CHAPTER XXIV. DEMOCRACY AT WORK
The growth of manufacturing industries naturally brought into existence a number of laws regulating factories. Much attention was directed to legal methods of settling disputes between employers and workmen. The Victorian Wages Board system did not, however, originate from a desire to prevent strikes, though it has been used for that purpose, but as a means of suppressing 'sweating' in certain industries. Under cover of protective duties trades had sprung up in which there was fierce competition to supply a very limited market, and the inquiries of a Commission showed that the remuneration of labour in them was miserably low. In 1896, therefore, Alexander Peacock, the minister responsible for factory inspection in the Ministry of Sir George Turner, devised the plan of giving power to the Government to appoint a wages board for any industry in which it appeared desirable that wages should be fixed by such an agency. A Wages Board consisted of an equal number of members representing employers and employed - 'a jury of trade experts' - presided over by a chairman who was not interested in the industry affected. It might fix wages, hours of labour, and piecework rates, and lay down rules for the conduct of the industry; and its determinations had the force of law. The system proved successful in the 'sweated' industries, and has since been greatly extended; so that in 1939 there were 194 Wages Boards operating in Victoria. These boards regulated wages and conditions for over 250,000 employees. The alternative to the Wages Board method of regulating wages and conditions of labour is the Arbitration Court method, which has been preferred by some States. These methods have been adopted since the rise of the Labour Party as a political force.
Education in Australia virtually has no history till after constitutional government was inaugurated. There were of course schools before then, and there were inquiries and experiments, but no real educational policy. The convict schoolmaster was at first in charge. His advertisements may be read in early Sydney newspapers: an excellent education offered at moderate fees; classics extra! Robert Lowe directed attention to the need for an improvement in 1844, when a committee under his presidency reported that more than half the children in New South Wales received no education whatever. The establishment of a Board of National Education in 1848 brought about a substantial improvement. But it was Henry Parkes, by his Public Schools Act of 1867, who set in operation the system which continued to satisfy the demands of the country till recent times, when fresh impulses were given to educational effort by a radical improvement of method, a clearer perception of aim, and a sounder system for training teachers.
The strenuous souls who fought for protection, land reform, the ballot, and manhood suffrage in the stormy years after 1855, had an educational ideal likewise. The educational system of the State must be 'free, compulsory, and secular.' In Victoria their policy was embodied in a bill introduced by Wilberforce Stephen in 1872. It set up a Department of Public Instruction, it made school attendance obligatory, it provided for opening schools throughout the country, and it prohibited teachers from giving other than secular instruction to the scholars. The Act, which came into force in 1873, has had many assailants, and the educational system of Victoria has in later years been very greatly improved, but fundamentally it remains as it was established under Wilberforce Stephen's measure. In all the Australian States there is provided a possibility of continuous education for the studious youth from the State school to the University.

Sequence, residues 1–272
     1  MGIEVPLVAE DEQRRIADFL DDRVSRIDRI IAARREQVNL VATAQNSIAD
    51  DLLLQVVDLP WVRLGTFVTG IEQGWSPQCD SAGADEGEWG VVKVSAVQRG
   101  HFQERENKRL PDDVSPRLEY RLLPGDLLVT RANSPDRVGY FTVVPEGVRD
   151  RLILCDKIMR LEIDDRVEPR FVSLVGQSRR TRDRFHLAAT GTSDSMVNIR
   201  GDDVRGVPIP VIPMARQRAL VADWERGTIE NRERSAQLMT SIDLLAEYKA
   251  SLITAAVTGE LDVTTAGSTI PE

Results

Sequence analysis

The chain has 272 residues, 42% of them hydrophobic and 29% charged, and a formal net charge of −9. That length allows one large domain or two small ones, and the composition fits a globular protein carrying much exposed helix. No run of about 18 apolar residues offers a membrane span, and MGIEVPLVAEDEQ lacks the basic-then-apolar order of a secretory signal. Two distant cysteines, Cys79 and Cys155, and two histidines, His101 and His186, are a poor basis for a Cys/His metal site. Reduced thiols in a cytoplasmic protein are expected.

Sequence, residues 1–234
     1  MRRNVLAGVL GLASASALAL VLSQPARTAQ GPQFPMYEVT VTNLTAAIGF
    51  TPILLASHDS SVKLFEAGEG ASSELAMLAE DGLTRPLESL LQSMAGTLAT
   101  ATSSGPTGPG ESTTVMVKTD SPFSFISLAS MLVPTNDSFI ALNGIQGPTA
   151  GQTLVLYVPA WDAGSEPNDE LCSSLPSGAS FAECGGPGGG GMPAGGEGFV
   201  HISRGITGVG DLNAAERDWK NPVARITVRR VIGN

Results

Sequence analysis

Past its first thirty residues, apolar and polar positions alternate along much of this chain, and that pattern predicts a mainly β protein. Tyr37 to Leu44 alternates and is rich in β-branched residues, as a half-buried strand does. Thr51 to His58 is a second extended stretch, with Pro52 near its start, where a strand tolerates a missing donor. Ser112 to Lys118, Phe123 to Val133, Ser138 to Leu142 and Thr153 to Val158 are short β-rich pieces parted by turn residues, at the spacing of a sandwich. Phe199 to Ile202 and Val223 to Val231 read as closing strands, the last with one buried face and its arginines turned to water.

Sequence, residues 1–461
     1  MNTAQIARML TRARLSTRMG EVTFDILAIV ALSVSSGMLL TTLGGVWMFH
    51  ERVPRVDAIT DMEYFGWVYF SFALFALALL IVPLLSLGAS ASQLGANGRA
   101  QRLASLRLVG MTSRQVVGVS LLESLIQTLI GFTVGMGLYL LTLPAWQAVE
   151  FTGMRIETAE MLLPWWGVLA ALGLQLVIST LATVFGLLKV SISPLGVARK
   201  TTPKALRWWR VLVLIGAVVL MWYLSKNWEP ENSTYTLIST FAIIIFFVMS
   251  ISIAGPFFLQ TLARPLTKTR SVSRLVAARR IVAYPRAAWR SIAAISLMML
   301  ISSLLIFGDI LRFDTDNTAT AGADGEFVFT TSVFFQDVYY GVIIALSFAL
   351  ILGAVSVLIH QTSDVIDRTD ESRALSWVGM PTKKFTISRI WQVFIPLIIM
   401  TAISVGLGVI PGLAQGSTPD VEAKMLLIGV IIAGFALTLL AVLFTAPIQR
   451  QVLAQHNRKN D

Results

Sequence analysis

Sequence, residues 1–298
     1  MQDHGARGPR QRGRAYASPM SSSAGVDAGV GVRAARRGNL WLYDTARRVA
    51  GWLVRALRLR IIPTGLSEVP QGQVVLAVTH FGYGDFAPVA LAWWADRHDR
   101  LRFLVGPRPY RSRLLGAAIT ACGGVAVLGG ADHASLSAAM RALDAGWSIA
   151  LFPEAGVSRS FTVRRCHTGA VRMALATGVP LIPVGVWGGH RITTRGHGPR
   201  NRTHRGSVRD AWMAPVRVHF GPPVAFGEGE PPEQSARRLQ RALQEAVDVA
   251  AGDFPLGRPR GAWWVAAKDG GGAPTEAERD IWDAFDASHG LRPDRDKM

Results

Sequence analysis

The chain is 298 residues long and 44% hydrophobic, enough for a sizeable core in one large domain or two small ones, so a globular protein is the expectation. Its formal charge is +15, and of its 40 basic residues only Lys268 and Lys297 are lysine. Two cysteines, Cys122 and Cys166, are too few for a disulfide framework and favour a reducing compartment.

Not the least of good reasons for holding the name of Wentworth in remembrance is that he was the initiator of the movement for the founding of the first Australian University, that of Sydney. He brought the subject before the Legislative Council in 1849, and three years later had the satisfaction to witness the opening of the institution. The University of Melbourne (1853) came into being owing to the suggestion of Childers, whose first official post was that of Inspector of Schools, and whose work in that capacity convinced him that the corner-stone of any scheme for raising the standard of learning in the country must be a University. Latrobe, the Lieutenant-Governor, gave his cordial support, and when the scheme reached fruition the first Chancellor, Redmond Barry, watched over the early fortunes of the University of Melbourne with paternal devotion. The University of Adelaide (1874) was the third to arise, that of Tasmania (1890) the fourth. The Universities of Queensland (1910) and Western Australia (1911) were the latest-born seats of the higher learning to be founded. All of them admit women to their degrees, following the example set by Melbourne, which took this step at the instance of the distinguished historian Charles Henry Pearson. In 1879, Pearson, while Minister of Education in Victoria, introduced a bill which provided that the degrees and diplomas granted by the University should be available to both sexes. As the bill did not pass in that year, owing to pressure of parliamentary business, the Council of the University forthwith decided to admit women to degree courses. Pearson's bill was introduced again in 1880 in order to remove any doubt as to the legality of the University's action, and was passed by the legislature. Legislation for a similar purpose was passed in respect to the University of Adelaide in 1880.